I’ve experienced a couple incidents recently that remind me of the frailty of life.
First, one of our cats got sick. (Yes, that's a picture of him drinking out of our kitchen sink!) He was a big cat that looked like he should roar. Instead, he had a high-pitched chirp. And he was very loving, earning the nickname “Lovey.” Anytime we needed to track down his whereabouts, we’d usually find him snuggled next to one of the kids on their beds. He’d even climb bunk bed ladders so that he could curl up next to someone.
So, it was with great sadness that we watched our big lovey cat slowly deteriorate over a month’s time. We took him to the vet and thought he was perking up, but even with help, he still kept losing weight until eventually we were practically hand feeding him. During his last few days of life, he stopped drinking, and my husband I worked together to syringe water into him. By the end, he could hardly walk without having to stop every couple of feet and lay down in exhaustion.
Another incident, about a week later, involved our dog catching a baby squirrel. Those who’ve been following my blog for a while might remember that last spring my daughters and I rescued four tiny motherless squirrels that fell out of a tree in our back yard. Ever since, I’ve had a soft spot in my heart for them.
Well, this time, our dog happened to come upon a little red squirrel in the back yard. It was old enough to be out of its nest and zip around the trees with its siblings, but it certainly wasn’t nimble enough to escape our dog. Even though our sweet Golden Retriever only “played” with the baby for a few minutes, she broke a front arm and back leg.
I donned garden gloves, scooped up the baby, and deposited it into an old hamster cage on a soft bed of rags. I kept it warm on a bag of heated rice, syringe-fed it puppy formula, and gave it as much TLC as I could, but it grew continually lethargic until after a couple of days it finally died.
The death of the cat and then the squirrel both really affected me. Yes, I cried. And I felt a heavy, depressing ache in my heart that didn’t seem to want to go away.
Both of the experiences reminded me that life is indeed frail. So many things are like a flower—here today but gone tomorrow. It’s easy to want to pull away and to stop caring in order to protect ourselves from feeling the heartache and pain that come with loss.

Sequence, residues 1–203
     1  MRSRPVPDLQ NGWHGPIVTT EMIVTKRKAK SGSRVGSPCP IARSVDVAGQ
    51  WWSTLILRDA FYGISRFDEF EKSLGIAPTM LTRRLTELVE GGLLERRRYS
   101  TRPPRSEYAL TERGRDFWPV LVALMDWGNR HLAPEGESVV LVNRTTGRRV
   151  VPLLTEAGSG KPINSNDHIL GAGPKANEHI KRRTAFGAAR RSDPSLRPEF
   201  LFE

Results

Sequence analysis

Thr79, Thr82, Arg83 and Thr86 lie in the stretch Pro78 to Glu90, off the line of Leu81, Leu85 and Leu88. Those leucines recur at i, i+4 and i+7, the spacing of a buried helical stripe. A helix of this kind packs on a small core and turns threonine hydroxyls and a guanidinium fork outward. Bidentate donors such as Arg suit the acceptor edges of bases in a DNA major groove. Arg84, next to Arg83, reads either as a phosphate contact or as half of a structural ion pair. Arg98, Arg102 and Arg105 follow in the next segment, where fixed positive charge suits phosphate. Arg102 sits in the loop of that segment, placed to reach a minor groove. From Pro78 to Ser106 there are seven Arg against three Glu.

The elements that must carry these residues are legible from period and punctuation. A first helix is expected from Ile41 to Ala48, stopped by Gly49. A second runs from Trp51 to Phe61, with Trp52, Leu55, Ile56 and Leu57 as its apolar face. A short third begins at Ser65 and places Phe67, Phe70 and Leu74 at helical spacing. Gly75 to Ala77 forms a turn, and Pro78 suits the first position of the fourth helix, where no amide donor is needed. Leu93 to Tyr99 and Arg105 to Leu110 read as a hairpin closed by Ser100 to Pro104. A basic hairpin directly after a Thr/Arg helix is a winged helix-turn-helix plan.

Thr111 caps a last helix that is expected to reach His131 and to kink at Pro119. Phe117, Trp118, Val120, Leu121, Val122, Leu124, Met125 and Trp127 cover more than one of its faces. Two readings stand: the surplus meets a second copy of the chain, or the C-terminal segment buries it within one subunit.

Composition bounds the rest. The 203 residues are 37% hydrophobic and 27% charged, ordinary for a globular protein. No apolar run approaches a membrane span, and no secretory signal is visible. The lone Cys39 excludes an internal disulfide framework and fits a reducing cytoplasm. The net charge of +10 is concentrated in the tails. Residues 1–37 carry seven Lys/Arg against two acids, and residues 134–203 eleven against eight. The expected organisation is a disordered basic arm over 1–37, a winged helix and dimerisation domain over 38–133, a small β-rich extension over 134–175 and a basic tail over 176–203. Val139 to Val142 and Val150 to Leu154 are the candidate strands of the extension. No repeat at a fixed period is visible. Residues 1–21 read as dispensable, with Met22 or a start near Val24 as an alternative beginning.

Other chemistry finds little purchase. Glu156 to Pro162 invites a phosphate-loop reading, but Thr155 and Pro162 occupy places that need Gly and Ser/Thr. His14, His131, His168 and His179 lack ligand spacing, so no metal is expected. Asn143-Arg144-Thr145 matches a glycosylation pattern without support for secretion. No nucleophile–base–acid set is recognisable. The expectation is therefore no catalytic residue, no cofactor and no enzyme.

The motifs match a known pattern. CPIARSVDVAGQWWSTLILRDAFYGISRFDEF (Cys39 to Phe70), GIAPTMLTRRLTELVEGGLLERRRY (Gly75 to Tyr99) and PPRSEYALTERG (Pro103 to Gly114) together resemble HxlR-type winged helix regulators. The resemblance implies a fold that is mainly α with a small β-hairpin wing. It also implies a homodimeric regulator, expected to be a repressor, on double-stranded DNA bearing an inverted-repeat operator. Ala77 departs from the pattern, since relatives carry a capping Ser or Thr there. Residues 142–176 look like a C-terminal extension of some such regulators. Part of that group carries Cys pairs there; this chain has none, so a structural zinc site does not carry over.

But through the death of first the cat and then the squirrel, I tried to tell myself the pain never has to be wasted, that we can reap so much from the painful moments of life, particularly as writers:
Don’t avoid the pain. The painful moments in life help us appreciate the joys of life with more keenness. If we taste of bitterness, then when we finally bite into sweetness, it will be all the sweeter.
Pain can make us stronger. The longer I live, and the more heartache I experience, the stronger I grow as a person. I gain wisdom, perspective, appreciation, and more character through each challenge.
Channel the emotions. Let them flow into our books and bring them to life. The more deeply we allow ourselves to feel the joys and pains of life, the more passion we can pour into our stories.
Keep life in perspective. It’s short. We don’t have forever. Remember the things that matter most, especially when we’re discouraged by rejections, low sales, or stinging reviews.
I know one of my writing strengths is that I’m a passionate person. I’m passionate about life, about cats, about baby squirrels, about my family, about many things. I feel things deeply, which comes with the deeper heartaches but ultimately higher highs.
Hopefully, the more passionately we feel things, the more passionately we can live out the time we have on earth, and the more life we can bring into the stories we write.
I’ve said this before, but it bears repeating: When we write, we pour out our hearts and souls; when we live, we fill our hearts back up.
How about you? Are you letting your pains and difficulties make you into a better writer? Are you channeling your passion into your stories?